When you’re pregnant you pay a lot of attention to your breasts. First they get bigger (and bigger…and bigger?!). Then, they start producing milk. And then you have a baby and spend most of each day feeding, pumping or tending to your sore nipples. But even with all this breast-centric behavior, you might be missing the most important thing of all: signs of breast cancer.

The risk for breast cancer increases immediately after every full-term pregnancy and stays higher for the next 10 years. According to research funded by the Avon Foundation for Women, the rates of pregnancy-associated breast cancer (PABC) peak between 5 and 7 years after giving birth. During this time, the risk of dying from breast cancer increases 2.5-fold. And this isn’t just for your first baby, but for every child after that, as well.

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The reason is that the same hormones that prepare your breasts for lactation can fuel the growth of cancerous cells. That is why, for the first 5 years after you have a baby, it is so important to watch for any changes in your breasts, including pains, lumps or discharge and call your OB/GYN or family doctor if you notice anything out of the ordinary.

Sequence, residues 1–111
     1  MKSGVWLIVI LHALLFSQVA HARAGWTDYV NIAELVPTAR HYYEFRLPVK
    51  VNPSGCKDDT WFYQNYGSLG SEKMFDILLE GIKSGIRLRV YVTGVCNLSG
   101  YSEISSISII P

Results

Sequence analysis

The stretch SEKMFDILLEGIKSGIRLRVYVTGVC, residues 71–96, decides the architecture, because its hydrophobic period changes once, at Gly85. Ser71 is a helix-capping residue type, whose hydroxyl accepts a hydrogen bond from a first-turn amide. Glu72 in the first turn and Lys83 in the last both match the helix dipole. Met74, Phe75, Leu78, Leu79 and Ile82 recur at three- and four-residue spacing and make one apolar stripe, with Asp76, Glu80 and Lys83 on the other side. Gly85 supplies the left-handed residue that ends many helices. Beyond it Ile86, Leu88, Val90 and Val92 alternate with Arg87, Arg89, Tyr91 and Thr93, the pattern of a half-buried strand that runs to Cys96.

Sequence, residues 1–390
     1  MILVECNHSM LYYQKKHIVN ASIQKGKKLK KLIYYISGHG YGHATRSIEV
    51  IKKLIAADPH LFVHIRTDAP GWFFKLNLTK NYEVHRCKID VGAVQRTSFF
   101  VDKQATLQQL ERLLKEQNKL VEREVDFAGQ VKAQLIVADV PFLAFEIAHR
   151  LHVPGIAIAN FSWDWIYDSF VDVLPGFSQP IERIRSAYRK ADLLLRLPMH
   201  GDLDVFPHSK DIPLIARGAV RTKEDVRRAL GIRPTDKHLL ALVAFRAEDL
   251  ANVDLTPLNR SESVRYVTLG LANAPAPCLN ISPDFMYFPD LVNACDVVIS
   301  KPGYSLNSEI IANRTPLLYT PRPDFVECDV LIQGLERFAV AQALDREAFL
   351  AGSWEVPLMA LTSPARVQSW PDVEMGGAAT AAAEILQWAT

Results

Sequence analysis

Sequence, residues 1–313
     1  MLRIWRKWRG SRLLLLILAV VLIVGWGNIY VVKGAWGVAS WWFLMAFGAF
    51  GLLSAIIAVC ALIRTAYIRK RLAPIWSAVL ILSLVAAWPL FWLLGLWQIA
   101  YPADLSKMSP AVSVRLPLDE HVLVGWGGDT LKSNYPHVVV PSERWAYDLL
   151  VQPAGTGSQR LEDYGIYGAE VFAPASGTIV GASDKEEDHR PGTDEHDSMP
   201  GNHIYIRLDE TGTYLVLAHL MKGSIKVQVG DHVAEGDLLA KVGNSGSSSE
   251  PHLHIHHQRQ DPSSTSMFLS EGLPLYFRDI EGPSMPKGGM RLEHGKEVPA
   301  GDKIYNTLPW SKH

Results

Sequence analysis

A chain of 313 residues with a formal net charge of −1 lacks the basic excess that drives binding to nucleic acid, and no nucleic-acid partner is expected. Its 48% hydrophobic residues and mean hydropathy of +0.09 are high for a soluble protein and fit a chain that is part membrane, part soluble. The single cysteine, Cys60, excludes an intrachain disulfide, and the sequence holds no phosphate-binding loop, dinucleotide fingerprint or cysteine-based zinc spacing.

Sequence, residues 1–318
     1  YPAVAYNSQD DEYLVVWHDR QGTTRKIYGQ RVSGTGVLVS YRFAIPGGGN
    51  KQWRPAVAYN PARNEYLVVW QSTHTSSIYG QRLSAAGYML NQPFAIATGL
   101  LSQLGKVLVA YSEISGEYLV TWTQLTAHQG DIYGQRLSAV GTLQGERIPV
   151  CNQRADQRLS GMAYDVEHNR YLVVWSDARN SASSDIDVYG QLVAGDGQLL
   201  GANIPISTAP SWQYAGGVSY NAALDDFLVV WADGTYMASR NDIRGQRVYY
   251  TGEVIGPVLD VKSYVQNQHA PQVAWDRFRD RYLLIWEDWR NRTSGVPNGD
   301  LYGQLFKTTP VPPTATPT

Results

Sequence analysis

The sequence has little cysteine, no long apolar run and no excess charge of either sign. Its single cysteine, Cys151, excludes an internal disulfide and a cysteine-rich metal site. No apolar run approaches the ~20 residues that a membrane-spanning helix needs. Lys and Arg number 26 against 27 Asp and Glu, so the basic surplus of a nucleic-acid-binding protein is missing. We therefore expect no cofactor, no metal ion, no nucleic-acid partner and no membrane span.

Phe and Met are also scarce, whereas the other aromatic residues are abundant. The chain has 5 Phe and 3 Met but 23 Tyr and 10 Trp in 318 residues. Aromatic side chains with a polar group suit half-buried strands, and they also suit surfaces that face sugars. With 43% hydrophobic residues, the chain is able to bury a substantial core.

Fortunately, there is a light at the end of this tunnel. Having and breastfeeding a child decreases your overall chances of breast cancer later in life (even though the danger actually goes up before it goes down). Scientists believe that when undeveloped or undifferentiated breast cells mature to start lactating, there is a change in their gene structure that protects against the disease. So women should try to start breast feeding within two hours of birth and continue to feed and pump for at least six months. Not only is it better for mom, but it’s especially important for your baby’s health.

As with most other serious medical conditions, there are no guarantees one way or another—and that is why awareness is so vitally important.

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